•“In civil cases the word ‘willful’ as ordinarily used in courts of law, does not necessarily imply anything blameable, or any malice or wrong toward the other party, or perverseness or moral delinquency, but merely that the thing done or omitted to be done, was done or omitted intentionally. It amounts to nothing more than this: That the person knows what he is doing, intends to do what he is doing, and is a free agent.” (Nishiki v. Danko Meredith, P.C. (2018) 25 Cal.App.5th 883, 891 [236 Cal.Rptr.3d 626].)
•“[A]n employer’s reasonable, good faith belief that wages are not owed may negate a finding of willfulness.” (Choate v. Celite Corp. (2013) 215 Cal.App.4th 1460, 1468 [155 Cal.Rptr.3d 915].)
•“A ‘good faith dispute’ that any wages are due occurs when an employer presents a defense, based in law or fact which, if successful, would preclude any recover[y] on the part of the employee. The fact that a defense is ultimately unsuccessful will not preclude a finding that a good faith dispute did exist.” (Kao, supra, 12 Cal.App.5th at p. 963.)
•“A ‘good faith dispute’ excludes defenses that ‘are unsupported by any evidence, are unreasonable, or are presented in bad faith.’ Any of the three precludes a defense from being a good faith dispute. Thus, [defendant]’s good faith does not cure the objective unreasonableness of its challenge or the lack of evidence to support it.” (Diaz, supra, 23 Cal.App.5th at pp. 873–874, original italics, internal citations omitted.)
•“A proper reading of section 203 mandates a penalty equivalent to the employee’s daily wages for each day he or she remained unpaid up to a total of 30 days. … [¶] [T]he critical computation required by section 203 is the calculation of a daily wage rate, which can then be multiplied by the number of days of nonpayment, up to 30 days.” (Mamika v. Barca (1998) 68 Cal.App.4th 487, 493 [80 Cal.Rptr.2d 175].)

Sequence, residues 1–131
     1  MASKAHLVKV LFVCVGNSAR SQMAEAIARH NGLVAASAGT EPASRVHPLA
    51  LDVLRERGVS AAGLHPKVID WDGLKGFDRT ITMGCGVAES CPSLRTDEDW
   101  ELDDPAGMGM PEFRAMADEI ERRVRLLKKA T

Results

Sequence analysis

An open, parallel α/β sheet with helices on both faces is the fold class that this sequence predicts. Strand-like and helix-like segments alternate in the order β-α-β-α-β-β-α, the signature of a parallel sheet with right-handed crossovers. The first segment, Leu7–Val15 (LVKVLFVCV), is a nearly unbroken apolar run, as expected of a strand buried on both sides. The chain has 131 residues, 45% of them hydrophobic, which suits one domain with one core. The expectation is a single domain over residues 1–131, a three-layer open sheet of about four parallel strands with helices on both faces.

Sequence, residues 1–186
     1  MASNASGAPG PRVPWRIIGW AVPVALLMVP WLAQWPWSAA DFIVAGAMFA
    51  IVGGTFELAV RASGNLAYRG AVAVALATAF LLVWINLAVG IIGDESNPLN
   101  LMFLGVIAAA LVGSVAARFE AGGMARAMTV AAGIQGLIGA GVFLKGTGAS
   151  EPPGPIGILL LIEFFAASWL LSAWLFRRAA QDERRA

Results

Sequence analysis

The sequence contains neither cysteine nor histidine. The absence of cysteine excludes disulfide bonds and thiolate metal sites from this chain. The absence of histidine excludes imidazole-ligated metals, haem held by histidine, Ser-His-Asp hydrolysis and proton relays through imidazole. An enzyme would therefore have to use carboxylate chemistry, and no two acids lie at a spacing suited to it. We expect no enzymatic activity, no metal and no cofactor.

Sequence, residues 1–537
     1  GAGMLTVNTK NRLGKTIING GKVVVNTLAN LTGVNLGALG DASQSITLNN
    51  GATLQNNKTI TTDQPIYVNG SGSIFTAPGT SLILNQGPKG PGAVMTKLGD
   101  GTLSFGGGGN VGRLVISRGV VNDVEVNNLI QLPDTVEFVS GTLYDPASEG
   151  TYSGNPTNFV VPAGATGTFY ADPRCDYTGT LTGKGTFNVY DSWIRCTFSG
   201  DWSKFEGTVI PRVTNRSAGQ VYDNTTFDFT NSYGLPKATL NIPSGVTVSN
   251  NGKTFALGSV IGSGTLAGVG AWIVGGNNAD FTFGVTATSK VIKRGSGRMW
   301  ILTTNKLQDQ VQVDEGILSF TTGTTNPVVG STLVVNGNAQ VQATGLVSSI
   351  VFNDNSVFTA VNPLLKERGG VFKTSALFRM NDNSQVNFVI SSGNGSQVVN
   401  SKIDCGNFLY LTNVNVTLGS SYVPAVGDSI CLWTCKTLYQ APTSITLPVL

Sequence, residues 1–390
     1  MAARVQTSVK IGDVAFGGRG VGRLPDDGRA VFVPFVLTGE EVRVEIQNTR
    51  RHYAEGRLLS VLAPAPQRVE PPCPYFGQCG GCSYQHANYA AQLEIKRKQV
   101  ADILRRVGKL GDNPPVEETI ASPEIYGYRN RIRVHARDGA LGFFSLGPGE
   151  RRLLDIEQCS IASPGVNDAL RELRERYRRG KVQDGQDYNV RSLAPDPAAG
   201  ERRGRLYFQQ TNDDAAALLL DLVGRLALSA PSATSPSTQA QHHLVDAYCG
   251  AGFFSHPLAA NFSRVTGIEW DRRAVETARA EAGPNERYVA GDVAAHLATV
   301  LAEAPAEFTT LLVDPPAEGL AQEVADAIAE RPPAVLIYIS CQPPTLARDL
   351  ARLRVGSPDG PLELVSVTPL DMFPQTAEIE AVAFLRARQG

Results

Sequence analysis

•“ ‘A tender of the wages due at the time of the discharge, if properly made and in the proper amount, terminates the further accumulation of penalty, but it does not preclude the employee from recovering the penalty already accrued.’ ” (Oppenheimer v. Sunkist Growers, Inc. (1957) 153 Cal.App.2d Supp. 897, 899 [315 P.2d 116], citation omitted.)
•“[Plaintiff] fails to distinguish between a request for statutory penalties provided by the Labor Code for employer wage-and-hour violations, which were recoverable directly by employees well before the Act became part of the Labor Code, and a demand for ‘civil penalties,’ previously enforceable only by the state’s labor law enforcement agencies. An example of the former is section 203, which obligates an employer that willfully fails to pay wages due an employee who is discharged or quits to pay the employee, in addition to the unpaid wages, a penalty equal to the employee’s daily wages for each day, not exceeding 30 days, that the wages are unpaid.” (Caliber Bodyworks, Inc. v. Superior Court (2005) 134 Cal.App.4th 365, 377–378 [36 Cal.Rptr.3d 31].)
•“In light of the unambiguous statutory language, as well as the practical difficulties that would arise under defendant’s interpretation, we conclude there is but one reasonable construction: section 203(b) contains a single, three-year limitations period governing all actions for section 203 penalties irrespective of whether an employee’s claim for penalties is accompanied by a claim for unpaid final wages.” (Pineda, supra, 50 Cal.4th at p. 1398.)